Life lessons on the improv stage
I recently changed jobs and I was smart enough to negotiate one week off between the two jobs. (also not smart enough to negotiate more than one week off.) My default relaxation mode is watching mindless television shows and punting around online, in my pajamas, on the bed. This leads to an unstable cycle where I sleep very late and as a result, wake up very late. Plus, multiple episodes of Walking Dead tend to make my mind mush. I was keen on not dealing with a mush brain during this break. I also wanted to step outside my comfort zone so I signed up for Intensive Improv Classes at Upright Citizens Brigade.
Dictionaries define Improv is the art of improvising. My week long immersion into it has lead me to the conclusion that improv is actually the art of listening.
To be a good improv artist, one needs to be physically and mentally present on that stage. In my class, the best Improv scenes were where the performers listened to each other and built on each other. The scenes where performers had their own jokes or ideas prepared, quickly fell flat because they didn’t tie together with their partner’s improv lines. This is a difficult lesson to internalize without enough practice (and gentle scolding). On stage, the natural human tendency is to say the best lines and do what one can to make oneself look good. But this is counter-intuitive to Improv! Improv is about making the other people on stage look good. Listening to their lines and giving them great ones in return. Providing rich fodder to one another. What’s mind-blowing is that this rule goes beyond the stage and Improv…. doesn’t it. Some of my best scenes throughout the course were where I was playing a supporting role and actively making the others around me look good. Those were also the scenes that elicited the most laughs.
Another thing I took away from my classes is that (surprisingly) Improv is NOT about being funny or telling jokes. Again, this is counter-intuitive to what I assumed would be the crux of Improv. Our instructors repeatedly chided us for not having won the license to be fantastical or imaginative with our audiences unless we have established a base reality. A who, what, where. And even after establishing context, the scenes needed to build in an organic, natural manner within the reality of the world that has been established in the scene. Using jokes to get a laugh out of our audiences was a cop out – one that was very easy to try to fall back on. Interestingly, the rules of journalism (and even strategy!) are the about establishing context.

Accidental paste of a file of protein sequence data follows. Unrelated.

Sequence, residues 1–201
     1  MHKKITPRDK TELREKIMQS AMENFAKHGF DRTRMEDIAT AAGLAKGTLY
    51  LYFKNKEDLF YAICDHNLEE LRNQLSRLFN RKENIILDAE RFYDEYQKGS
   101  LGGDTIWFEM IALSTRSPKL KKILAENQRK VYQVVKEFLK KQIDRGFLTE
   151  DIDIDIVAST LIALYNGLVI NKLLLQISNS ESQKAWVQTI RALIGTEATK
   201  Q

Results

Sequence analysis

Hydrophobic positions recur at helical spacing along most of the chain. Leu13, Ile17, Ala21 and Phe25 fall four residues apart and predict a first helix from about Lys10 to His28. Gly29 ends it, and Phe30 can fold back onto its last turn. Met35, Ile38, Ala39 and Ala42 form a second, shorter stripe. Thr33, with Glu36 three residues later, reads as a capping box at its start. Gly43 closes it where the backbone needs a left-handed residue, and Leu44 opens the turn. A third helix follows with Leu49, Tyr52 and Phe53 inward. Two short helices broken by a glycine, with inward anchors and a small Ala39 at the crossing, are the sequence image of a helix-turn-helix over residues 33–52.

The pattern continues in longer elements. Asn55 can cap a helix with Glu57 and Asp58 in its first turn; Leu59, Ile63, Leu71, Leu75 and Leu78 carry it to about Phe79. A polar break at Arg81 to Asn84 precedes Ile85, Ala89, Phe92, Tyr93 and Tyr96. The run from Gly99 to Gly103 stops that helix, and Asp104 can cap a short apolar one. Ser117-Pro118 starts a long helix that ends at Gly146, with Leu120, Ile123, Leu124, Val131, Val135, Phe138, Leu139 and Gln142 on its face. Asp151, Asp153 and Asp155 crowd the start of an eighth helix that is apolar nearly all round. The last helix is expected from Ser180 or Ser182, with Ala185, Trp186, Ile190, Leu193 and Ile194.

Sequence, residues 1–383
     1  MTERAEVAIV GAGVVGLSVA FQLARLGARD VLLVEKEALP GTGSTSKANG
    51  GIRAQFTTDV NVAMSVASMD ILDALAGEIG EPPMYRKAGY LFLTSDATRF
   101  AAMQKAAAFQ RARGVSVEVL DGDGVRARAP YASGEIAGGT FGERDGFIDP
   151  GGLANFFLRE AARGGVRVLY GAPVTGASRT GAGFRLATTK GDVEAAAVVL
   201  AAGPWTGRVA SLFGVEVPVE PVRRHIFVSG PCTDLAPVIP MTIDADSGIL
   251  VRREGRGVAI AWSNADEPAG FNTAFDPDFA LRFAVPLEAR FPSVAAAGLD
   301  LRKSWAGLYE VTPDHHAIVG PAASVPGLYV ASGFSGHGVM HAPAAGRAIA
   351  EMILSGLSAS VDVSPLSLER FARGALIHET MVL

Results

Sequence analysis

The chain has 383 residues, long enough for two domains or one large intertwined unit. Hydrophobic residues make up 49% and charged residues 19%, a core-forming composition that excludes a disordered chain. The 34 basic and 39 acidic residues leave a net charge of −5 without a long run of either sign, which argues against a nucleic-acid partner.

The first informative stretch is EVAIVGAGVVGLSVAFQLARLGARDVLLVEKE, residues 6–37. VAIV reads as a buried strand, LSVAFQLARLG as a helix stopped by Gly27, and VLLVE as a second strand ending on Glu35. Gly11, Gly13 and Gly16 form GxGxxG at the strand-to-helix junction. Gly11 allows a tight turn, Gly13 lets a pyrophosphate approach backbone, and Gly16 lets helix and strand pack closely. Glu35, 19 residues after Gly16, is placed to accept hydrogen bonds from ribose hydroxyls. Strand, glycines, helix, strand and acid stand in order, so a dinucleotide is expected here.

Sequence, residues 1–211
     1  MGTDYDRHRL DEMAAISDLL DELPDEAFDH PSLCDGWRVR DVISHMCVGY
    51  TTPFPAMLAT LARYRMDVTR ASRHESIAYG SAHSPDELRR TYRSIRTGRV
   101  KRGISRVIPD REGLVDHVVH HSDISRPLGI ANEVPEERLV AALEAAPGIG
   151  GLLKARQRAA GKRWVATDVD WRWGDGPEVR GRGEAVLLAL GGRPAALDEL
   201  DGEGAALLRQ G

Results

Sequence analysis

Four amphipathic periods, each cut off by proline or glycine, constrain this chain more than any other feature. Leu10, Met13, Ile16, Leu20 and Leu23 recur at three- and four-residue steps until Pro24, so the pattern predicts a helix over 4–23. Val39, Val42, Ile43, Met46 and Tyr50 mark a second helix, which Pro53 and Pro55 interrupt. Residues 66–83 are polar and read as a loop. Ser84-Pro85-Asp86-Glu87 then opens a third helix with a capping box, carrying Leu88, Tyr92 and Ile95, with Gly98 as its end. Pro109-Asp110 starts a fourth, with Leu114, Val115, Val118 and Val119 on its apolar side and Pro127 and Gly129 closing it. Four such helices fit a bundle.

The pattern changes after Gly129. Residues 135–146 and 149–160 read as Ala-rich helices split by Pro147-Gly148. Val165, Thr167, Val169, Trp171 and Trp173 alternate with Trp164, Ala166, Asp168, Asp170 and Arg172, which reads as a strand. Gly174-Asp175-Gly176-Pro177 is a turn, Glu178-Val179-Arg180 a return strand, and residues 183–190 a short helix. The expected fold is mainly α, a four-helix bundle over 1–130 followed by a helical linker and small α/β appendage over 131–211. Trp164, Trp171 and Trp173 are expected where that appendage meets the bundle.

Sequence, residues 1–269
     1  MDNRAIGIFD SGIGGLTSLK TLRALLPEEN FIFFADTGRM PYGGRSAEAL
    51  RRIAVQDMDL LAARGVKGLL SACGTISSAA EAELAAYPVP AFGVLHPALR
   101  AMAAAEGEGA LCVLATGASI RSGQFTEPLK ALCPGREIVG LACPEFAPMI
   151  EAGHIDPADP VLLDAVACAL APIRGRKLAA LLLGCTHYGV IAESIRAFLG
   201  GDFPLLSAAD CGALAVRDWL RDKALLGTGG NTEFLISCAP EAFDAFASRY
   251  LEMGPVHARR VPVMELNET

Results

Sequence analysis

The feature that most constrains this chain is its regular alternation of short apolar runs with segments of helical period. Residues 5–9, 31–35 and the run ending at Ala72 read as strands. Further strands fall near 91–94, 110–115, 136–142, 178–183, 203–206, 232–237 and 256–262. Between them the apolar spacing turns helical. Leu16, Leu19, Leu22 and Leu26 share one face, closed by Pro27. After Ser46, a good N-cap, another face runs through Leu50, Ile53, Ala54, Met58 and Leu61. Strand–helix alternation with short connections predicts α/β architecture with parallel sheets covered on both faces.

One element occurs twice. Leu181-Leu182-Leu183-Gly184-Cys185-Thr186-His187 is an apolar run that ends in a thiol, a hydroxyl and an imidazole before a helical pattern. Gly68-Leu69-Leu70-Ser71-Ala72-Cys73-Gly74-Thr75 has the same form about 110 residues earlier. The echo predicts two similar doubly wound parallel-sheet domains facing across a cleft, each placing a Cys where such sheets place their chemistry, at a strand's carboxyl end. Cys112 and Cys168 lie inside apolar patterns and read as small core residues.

“Play to the top of your intelligence,” is a phrase I heard constantly during my program. It was easier to try to act dumb to elicit a few laughs on the Improv stage. But that meant, we aren’t being truthful to ourselves or to the stage. Improv performances treat the audience and the performer as intelligent and smart folks. Folks that can smell bullshit. This was the most difficult trick to not succumb to. I won’t be lying if I say that the thought of playing the dumb kid or the stereotypical immigrant didn’t cross my mind several times during our practice sessions.
My major breakthrough came in class #3. I am a confident person and not afraid of falling flat on my face. But even then, it was difficult to give up all inhibitions and not feel conscious of playing a monkey, a warthog or a 2 year old boy on the stage. Giving up those inhibitions was liberating because it stopped me from taking myself too seriously and allowed me to give my 100% to the stage. Also, I was able to do a better job of listening and reacting to my partner.
These are universal truths though, aren’t they? Listen, be present, be selfish about making others around you look good, play to the top of your intelligence….Kinda cool that I learned these on the stage. Cheaper than traveling around the world in search of exotic stories and adventures to basically learn these same truths. no? (although I will still travel around the world)
What was most beautiful about last week for me is that I constantly surprised myself. I’ll be thirty soon and there’s not much I don’t know about myself but it was nice to be surprised by my own abilities and my capacity to still have a sense of wonder about new ideas.
The process of learning in itself is a wondrous thing. I started with learning the foundational building blocks, practiced them, and then began layering them on top of each other to make something. And then I watched some Improv performances and deconstructed them to identify the building blocks they used and how fast and well they used them. This gentle spooling and un-spooling is true of any new skill I’ve attempted to learn in the last few years: fiction writing, swimming, bicycling and now improv. The word that kept coming to mind: layercake.